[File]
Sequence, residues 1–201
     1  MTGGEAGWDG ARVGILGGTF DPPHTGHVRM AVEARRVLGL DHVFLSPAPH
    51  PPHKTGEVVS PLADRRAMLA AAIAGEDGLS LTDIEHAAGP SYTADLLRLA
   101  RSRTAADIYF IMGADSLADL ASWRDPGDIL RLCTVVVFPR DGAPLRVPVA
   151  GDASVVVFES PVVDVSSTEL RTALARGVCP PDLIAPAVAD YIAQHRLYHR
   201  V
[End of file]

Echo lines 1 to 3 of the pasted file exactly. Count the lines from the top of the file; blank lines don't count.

Sequence, residues 1–201
     1  MTGGEAGWDG ARVGILGGTF DPPHTGHVRM AVEARRVLGL DHVFLSPAPH
    51  PPHKTGEVVS PLADRRAMLA AAIAGEDGLS LTDIEHAAGP SYTADLLRLA